September 23/Life Science Weekly -- "This study aimed to examine the diversity and ecology of yeasts associated with traditional Egyptian dairy products employing molecular techniques in yeast identification. A total of 120 samples of fresh and stored Domiati cheese, kariesh cheese, and ''Matared'' cream were collected from local markets and examined," investigators in Mansoura, Egypt, report.
"Forty yeast isolates were cultured from these samples and identified using the restriction-fragment length polymorphism (RFLPs) of 5.8S-ITS rDNA region and sequencing of the domains D1 and D2 of the 26S rRNA gene. Yeasts were identified as Issatchenkia orientalis (13 isolates), Candida albicans (4 isolates), Clavispora lusitaniae (Candida lusitaniae) (9 isolates), Kodamaea ohmeri (Pichia ohmeri) (1 isolate), Kluyveromyces marxianus (6 isolates), and Candida catenulata (7 isolates).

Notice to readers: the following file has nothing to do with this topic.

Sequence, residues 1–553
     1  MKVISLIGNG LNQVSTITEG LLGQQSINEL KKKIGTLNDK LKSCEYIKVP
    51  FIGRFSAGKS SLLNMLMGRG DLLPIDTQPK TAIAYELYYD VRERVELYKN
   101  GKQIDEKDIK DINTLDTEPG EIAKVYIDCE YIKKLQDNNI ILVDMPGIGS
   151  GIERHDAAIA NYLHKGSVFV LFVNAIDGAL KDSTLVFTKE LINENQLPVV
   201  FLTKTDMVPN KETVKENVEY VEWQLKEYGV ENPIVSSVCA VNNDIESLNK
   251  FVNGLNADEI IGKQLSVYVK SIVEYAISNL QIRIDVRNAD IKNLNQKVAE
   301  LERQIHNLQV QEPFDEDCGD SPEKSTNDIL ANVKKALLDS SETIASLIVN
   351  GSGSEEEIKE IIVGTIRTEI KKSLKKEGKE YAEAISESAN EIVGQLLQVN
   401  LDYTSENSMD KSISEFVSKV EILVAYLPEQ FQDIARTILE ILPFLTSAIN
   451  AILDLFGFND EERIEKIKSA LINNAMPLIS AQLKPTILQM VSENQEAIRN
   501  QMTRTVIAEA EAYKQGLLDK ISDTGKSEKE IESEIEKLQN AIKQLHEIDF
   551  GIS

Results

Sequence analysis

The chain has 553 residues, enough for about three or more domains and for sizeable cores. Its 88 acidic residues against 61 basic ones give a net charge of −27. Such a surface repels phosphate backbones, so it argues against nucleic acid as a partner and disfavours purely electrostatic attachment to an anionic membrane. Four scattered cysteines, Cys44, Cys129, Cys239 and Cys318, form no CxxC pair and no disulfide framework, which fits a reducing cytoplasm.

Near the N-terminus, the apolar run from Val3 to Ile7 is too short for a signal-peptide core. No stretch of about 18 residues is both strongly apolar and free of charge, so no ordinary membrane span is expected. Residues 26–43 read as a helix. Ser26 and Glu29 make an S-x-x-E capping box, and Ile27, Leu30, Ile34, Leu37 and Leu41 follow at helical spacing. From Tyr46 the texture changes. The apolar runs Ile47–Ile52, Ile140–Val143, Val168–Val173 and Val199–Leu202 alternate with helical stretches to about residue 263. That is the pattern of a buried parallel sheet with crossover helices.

"With the exception of C. lusitaniae, the D1/D2 26S rRNA gene sequences were 100% identical for the yeast isolates within the same species. Phylogenetic reconstruction of C. lusitaniae isolates grouped them into three distinguished clusters. Kariesh cheese was found to be the most diverse in its yeast floras and contained the highest total yeast count compared with other examined dairy products. This was linked to the acidic pH and lower salt content of this cheese, which favor the growth and survival of yeasts in foodstuffs. Stored Domiati cheese also contained diverse yeast species involving isolates of the pathogenic yeast C. albicans," wrote W.M. Elsharoud and colleagues, Mansoura University.
The researchers concluded, "This raises the possibility of dairy products being vehicles of transmission of pathogenic yeasts."
Elsharoud and colleagues published their study in the Journal of Food Science ("Molecular Identification of Yeasts Associated with Traditional Egyptian Dairy Products." Journal of Food Science, 2009;74(7):M341-M346).
For additional information, contact W.M. Elsharoud, Mansoura University, Faculty Agriculture, Dairy Department, Food Safety & Microbial Physiol Laboratory, Mansoura, Egypt.
From the September 28, 2009, Prepared Foods E-dition